Train map for Normandy - Bike-train information for cycling

Normandy is one of the best regions in France for taking your bike on trains. Here's what you need to know.

The American Cemetery at Colleville-sur-Mer, D-Day Beaches

The American Cemetery at Colleville-sur-Mer, overlooking Omaha Beach on the D-Day peninsula.
Photo: Freewheeling France

See here for more on cycling in Normandy

First, a confession. I love taking my bike on trains in Normandy. I've always found it to be a very easy region to navigate with a bike. Over the years trains in Normandy have saved me from downpours and helped me beat the clock with shortcuts – and I've never had a problem either locally or getting my bike there via Paris.

The way the network operates has recently (2020) been restructured and it's a little different to the rest of France. The map below makes it look more complicated than it is – it's designed for locals and commuters in and out of Paris and elsewhere in the region, as well as for slower travellers like us. So the map tries to show fast trains as well as ones that stop everywhere.

The system is new (2020) and branded 'Nomad'. Any tickets you search for on the OUI.sncf website may come up as either 'TER' or 'Nomad'. For our purposes it doesn't really matter – they all take bikes.

The main lines are: Paris-Caen-Cherbourg; Trouville-Deauville; Paris-Rouen-Le Havre; Paris-Granville; Paris-Evreux-Serquigny; and Caen-Le Mans-Tours.

Again, don't be confused by the map below. The system is simply broken down into 4 types of services (different colours on the map), which are basically divided by train speed/number of stops. All trains take bikes – that's all you need to know.

The different types of trains are:
– Krono+: premium express trains (mostly to Paris)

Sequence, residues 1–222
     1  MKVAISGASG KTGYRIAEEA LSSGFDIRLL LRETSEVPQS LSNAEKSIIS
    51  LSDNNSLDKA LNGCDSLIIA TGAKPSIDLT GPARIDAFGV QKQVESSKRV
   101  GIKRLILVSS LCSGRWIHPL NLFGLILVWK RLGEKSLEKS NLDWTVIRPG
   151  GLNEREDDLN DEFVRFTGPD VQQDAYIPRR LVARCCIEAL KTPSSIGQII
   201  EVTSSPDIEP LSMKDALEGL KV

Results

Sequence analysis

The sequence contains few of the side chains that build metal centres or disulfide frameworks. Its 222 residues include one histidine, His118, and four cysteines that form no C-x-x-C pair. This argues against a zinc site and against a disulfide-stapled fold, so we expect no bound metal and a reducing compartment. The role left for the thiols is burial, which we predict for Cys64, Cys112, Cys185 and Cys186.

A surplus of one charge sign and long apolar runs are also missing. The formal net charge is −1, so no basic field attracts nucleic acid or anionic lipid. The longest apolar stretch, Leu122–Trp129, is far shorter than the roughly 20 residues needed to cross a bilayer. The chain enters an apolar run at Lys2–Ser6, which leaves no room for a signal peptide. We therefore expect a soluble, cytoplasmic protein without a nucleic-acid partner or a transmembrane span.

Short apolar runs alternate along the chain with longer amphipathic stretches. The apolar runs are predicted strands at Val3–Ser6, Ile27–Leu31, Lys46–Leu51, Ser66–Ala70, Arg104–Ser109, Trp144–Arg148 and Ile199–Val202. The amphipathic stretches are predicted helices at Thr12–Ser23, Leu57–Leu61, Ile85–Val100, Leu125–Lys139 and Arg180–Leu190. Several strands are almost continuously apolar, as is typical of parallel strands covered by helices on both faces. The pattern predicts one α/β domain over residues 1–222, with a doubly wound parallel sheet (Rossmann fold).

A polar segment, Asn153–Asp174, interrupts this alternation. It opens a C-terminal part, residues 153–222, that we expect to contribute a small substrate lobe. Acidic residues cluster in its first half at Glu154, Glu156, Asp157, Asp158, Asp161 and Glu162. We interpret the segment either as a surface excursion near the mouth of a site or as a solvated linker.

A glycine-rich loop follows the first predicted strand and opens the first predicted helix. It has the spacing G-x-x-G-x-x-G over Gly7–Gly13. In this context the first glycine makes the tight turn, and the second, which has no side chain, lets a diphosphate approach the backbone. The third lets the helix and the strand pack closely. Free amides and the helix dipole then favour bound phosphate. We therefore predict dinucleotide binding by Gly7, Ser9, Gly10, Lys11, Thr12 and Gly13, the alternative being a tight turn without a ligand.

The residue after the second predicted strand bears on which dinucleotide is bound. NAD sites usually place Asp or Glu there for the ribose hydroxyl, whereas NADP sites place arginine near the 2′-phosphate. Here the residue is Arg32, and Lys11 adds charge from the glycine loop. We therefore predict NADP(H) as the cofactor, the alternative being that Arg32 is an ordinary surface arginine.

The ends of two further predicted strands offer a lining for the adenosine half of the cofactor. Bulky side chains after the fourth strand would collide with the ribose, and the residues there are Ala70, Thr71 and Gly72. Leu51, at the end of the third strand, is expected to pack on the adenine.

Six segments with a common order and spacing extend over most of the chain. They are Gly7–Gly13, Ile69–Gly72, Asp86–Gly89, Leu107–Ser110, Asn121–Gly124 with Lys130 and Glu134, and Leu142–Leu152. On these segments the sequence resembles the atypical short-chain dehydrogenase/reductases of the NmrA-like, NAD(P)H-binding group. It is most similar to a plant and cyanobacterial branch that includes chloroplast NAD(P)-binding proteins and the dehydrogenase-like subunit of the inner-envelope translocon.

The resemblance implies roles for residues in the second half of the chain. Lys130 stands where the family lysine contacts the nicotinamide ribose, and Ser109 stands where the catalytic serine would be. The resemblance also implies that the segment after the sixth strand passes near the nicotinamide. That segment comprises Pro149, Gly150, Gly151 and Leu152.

– Krono: intercity connections
– Citi: urban/suburban trains
– Proxi: more rural or outlying areas

When searching OUI.sncf website for trains in Normandy, it is NOT neceesary to tick the 'travelling with a velo' box as all trains take bikes. All results *should* show a little bike icon.

At the time of writing (2020), you do not need bike reservations – you just buy your own ticket and store your bike in the carriages with the velo stickers on them. This may change in the future when the new system is bedded down as the ambition is to eventually ensure everyone has an allocated seat and ticket number.

You do not need to bag or box your bike (though of course you can if you want to and store it in the luggage areas with suitcases, etc).

Note that peak hour trains 6am-9am and 5pm-7pm (especially in and out of Paris) can be busy – try and avoid peak hours if at all possible.

Trailers and tandems are not officially accepted, but that does not mean you won't be able to get them on if you are lucky/polite. Collapse trailers if you can and travel outside peak hours if you need to try.

There are also some regional buses/coaches that connect outlying areas – these do not take bikes.

See here for general France bike-train info + links to train maps in other regions


Full map of the Normandy rail network

You can click here or on the map for a higher quality downloadable PDF.

Normandy train map

 

(Older) map showing Normandy rail routes + bike routes

You can click here or on the map for a higher quality downloadable PDF.

Normandie sans voiture

 

Bike hire, accommodation and tours

You can use our bespoke bike hire service to find bike hire in this region.

You can find accommodation on the map below or refine your search here.

You can search self-guided and guided rides here. Let me know via here if you need help.

See here for more info on cycling in Normandy

Join our Facebook group to chat with other cyclists (and us!)

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